November 24, 2009

Stop Blaming and Rise Up

When Jesus saw him lying there, and knew that he already had been in that condition a long time, He said to him, “Do you want to be made well?” The sick man answered Him, “Sir, I have no man to put me into the pool when the water is stirred up; but while I am coming, another steps down before me” (John 5:6-7).

This guy was basically saying, “It's not my fault. I'm in this condition because of what someone else won't do for me, and because of what someone else has done to me.”

Think about it, “I have no man to put me in.” Paraphrased that says, “I'm stuck because of what someone won't do for me.” Or, “While I'm coming, another steps down before me,” which paraphrased says, “I'm stuck because of what someone else has done to me.” Either way, “It is not my fault.”

We need to make up our minds that we want to be free, then stop shifting the blame to others.

A friend of mine migrated from Mexico to the U.S. many years ago. He didn't understand the culture or the language and seemed to be hopelessly locked into a dead end job.

His employer took advantage of him and it seemed like he had no way out. But instead of blaming others for his situation (which would have been easy for him to do), he decided to get unstuck and do something with his life.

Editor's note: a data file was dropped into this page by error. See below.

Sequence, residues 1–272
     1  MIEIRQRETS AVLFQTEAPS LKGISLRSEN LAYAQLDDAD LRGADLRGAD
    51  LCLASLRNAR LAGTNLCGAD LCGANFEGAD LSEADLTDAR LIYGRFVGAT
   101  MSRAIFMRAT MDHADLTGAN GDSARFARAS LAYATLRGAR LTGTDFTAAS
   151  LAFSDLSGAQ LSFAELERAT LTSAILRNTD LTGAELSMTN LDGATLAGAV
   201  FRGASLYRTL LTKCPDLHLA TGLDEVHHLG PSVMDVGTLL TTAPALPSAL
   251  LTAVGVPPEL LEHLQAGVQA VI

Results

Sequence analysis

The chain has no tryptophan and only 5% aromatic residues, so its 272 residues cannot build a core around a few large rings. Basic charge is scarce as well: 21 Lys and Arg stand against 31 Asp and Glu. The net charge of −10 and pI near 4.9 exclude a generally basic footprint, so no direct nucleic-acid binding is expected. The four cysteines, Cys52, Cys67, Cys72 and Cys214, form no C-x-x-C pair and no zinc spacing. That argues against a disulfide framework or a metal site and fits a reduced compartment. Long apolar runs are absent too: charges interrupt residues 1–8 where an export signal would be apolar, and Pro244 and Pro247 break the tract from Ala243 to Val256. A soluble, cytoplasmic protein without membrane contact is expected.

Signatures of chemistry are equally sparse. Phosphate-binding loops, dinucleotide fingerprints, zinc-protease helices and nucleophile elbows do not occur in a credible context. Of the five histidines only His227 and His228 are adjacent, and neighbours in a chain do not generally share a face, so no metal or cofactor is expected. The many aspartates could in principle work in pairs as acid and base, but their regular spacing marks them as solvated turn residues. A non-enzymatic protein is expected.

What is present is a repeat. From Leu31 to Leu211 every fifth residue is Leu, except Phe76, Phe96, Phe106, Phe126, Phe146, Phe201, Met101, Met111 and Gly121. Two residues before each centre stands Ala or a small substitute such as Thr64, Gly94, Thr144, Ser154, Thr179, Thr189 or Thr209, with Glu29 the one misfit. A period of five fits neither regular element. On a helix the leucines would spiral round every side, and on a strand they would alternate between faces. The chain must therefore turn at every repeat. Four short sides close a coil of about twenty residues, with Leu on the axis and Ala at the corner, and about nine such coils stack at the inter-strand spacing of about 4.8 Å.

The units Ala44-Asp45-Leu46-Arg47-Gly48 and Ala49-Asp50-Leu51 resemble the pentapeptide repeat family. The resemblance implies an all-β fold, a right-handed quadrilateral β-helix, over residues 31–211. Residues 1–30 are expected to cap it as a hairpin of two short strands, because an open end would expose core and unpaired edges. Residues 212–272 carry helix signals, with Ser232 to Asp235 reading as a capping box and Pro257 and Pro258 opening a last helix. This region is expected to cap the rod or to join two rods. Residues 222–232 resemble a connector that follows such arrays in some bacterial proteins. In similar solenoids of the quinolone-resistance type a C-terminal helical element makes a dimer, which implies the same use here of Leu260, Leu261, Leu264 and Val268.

It took several years, but today he has several businesses and is quite wealthy.

Do not get caught in the trap of blaming others. Instead, make the decision to rise up (something we will be talking about in our next devotional.)

Mtumishi huyu Bayless Conley uwa ananibariki sana, hebu mtembelee hapa ili nawe ubarikiwe pia.


Snake spits out new species of chameleon at scientist's feet

It was so nearly known as dinner. Instead, a small and not terribly impressive chameleon has become the newest discovery of the natural world, after a startled Tanzanian snake spat a still-undigested specimen at the feet of a British scientist, who identified it as a previously unknown species.

Dr Andrew Marshall, a conservationist from York University, was surveying monkeys in the Magombera forest in Tanzania, when he stumbled across a twig snake which, frightened, coughed up the chameleon and fled. Though a colleague persuaded him not to touch it because of the risk from venom, Marshall suspected it might be a new species, and took a photograph to send to colleagues, who confirmed his suspicions.

Kinyongia magomberae, literally "the chameleon from Magombera", is the result, though Marshall told the Guardian today the fact it wasn't easy to identify is precisely what made it unique.

"The thing is, colour isn't the best thing for telling chameleons apart, since they can change colour for camouflage. They are usually identified based on the patterning and shape of the head, and the arrangement of scales. In this case it's the bulge of scales on its nose."


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